“This is the biggest dressing room we’ve ever had! It makes us feel like rock stars”. Speaking exclusively to Gutter backstage at their sold-out, debut UK headline gig at Glasgow’s Oran Mor, Alabama born and bred sibling duo Lydia and Laura Rogers, aka The Secret Sisters, talk working with T Bone Burnett, day jobs and culture shock.

The Secret Sisters’ first album has already been causing quite a splash on this side of the Atlantic, and it features the work of legendary producer T Bone Burnett, who has previously worked with Elvis Costello, Roy Orbison, Tony Bennett, Counting Crows and Clay Pigeons. “Working with T Bone Burnett was really fun! He has been so helpful in every way, he has given us a lot of advice, and he has an amazing ear for music. He has been a great friend, and we’re very grateful for his involvement” enthuses older sibling Laura.

The album is soaked in their country roots and showcases their beautiful voices to great effect, but The Secret Sisters LP does feature a surprise or two. “A lot of people have asked us why we chose to cover Sinatra’s ‘Somethin’ Stupid’, but we wanted to include songs on the record that aren’t classic country. We don’t wanna be boxed into just one genre. We feel the addition of this and other tracks adds a lot of variety” explains Lydia.

Finding a country/pop niche in today’s modern market seems almost impossible, however The Secret Sisters have prevailed. “I never expected this album to do what it has. I think we just set out to make an album that we could be proud of, and we did that”.

They’ve barely had time to catch their breath between what was by their own admission, their “accidental discovery”, recording their album, and now a tour which sees them travelling as far afield as Australia. “It was difficult at first,” reflects Lydia, “we were pushed into the music industry so quickly, but now I think we’ve learned to deal with it a lot better. We always miss home, but we really enjoy touring and travelling”.
“It’s less of a culture shock nowadays” interjects Laura, giggling.

So what should punters expect at a Secret Sisters gig? “We always want people to feel like we’re in their living room, we like to create intimacy. We want it to feel very comfortable and casual, and we’d like everyone to have fun,” Lydia explains.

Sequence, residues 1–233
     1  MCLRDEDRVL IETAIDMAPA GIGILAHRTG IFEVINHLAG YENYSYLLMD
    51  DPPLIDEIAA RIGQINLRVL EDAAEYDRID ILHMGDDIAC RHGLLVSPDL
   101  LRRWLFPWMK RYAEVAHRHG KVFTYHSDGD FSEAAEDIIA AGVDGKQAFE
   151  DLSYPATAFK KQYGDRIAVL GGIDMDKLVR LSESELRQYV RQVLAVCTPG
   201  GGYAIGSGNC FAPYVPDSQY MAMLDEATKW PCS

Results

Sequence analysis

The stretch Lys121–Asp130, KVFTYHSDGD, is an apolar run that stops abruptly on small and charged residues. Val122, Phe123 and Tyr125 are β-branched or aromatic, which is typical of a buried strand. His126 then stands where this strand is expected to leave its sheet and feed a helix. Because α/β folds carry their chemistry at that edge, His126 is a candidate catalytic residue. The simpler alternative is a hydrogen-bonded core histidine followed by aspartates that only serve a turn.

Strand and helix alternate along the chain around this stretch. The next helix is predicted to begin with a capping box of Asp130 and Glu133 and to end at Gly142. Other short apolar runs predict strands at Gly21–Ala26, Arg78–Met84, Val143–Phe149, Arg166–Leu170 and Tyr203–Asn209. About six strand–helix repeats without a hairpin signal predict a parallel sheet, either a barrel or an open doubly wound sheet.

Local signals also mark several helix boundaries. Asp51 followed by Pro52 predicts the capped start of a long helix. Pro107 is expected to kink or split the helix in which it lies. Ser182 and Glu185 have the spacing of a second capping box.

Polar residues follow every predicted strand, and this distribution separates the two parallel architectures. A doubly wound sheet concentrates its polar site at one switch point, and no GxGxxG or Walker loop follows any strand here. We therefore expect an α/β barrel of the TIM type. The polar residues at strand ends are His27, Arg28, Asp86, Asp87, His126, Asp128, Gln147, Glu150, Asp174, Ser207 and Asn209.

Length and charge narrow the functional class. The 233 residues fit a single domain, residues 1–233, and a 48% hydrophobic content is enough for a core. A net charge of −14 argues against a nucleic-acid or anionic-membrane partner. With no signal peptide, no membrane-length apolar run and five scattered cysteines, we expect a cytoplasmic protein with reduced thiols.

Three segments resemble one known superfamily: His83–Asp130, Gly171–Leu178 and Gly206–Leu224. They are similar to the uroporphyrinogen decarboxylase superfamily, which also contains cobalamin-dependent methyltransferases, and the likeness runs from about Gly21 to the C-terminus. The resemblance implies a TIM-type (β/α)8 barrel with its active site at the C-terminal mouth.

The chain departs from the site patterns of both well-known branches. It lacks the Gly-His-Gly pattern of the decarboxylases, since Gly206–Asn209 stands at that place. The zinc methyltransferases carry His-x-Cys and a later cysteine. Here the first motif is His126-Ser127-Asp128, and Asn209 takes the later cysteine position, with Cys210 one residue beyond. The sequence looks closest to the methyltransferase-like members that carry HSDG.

“It’s a sharing experience. I hate a show when a crowd is silent, I like a push and pull between the audience and us performing on stage” continues Laura.

They’ve also wished a firm goodbye to their day jobs. “I was working in Nashville and I was a nanny for a little girl, and I loved it. If this hadn’t happened for us, I love kids, so I’d either still be a nanny or I’d be settling down and having kids right now” Laura laughs, albeit very seriously.
“I would still be in college” Lydia says. “I was studying Graphic Design. I guess I would still be doing that, although music is what I always wanted to do.”

Having the opportunity to record albums and travel the globe is exciting for most young women, but is sharing the limelight with a sibling all it’s cracked up to be? “The biggest pro is being together, and knowing when you’re homesick, the other is, too. You can bounce off one another. But it does get really tough, we’re in the same cab, the same plane, the same hotel room…you never really get a moment of peace,” Laura explains.
“But, on the other hand,” offers Lydia, “any frustration we have, we can take it out on each other, and it’s OK. It has gotten so much better than it used to be. We were in Australia last week, and we never fought at all, although I think that was because we had different hotel rooms.” The sisters share a laugh.

“I think the experience so far has really changed us as people, and not in a bad way. I think it’s made us better people. It’s given us the chance to see different places, meet new people, and experience different cultures and backgrounds.” Laura reflects, smiling.

Both Laura and Lydia show a humble appreciation of the reaction and endorsements they have received from musical peers and fans, along with a warm, good-humoured demeanour. Here are two girls who convey a genuine love of music, and the career they’re carving out for themselves.

Listen: Tennessee Me

Check out the review of their Oran Mor show here.